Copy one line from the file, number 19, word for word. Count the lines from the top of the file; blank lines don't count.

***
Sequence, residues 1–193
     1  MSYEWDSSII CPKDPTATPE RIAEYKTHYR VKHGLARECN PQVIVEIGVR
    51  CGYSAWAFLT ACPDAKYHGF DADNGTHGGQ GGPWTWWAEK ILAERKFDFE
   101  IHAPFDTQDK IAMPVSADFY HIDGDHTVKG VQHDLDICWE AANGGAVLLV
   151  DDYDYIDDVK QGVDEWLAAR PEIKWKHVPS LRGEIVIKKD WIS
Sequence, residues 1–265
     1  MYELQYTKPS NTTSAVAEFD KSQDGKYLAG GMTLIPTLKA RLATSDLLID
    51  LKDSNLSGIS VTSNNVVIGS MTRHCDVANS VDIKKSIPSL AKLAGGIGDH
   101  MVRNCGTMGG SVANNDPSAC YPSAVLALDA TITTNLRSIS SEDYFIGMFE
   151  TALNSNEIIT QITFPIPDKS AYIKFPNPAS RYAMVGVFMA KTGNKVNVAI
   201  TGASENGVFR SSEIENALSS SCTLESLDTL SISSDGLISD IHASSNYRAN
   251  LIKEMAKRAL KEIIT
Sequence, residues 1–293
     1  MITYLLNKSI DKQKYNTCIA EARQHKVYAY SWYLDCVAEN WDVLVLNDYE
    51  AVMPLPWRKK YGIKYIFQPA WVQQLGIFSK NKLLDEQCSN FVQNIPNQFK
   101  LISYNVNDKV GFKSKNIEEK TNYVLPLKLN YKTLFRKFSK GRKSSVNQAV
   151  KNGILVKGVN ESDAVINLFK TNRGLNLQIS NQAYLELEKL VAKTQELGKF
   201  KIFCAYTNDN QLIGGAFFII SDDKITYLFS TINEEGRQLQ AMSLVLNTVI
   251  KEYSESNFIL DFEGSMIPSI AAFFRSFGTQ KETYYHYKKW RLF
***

   251  KEYSESNFIL DFEGSMIPSI AAFFRSFGTQ KETYYHYKKW RLF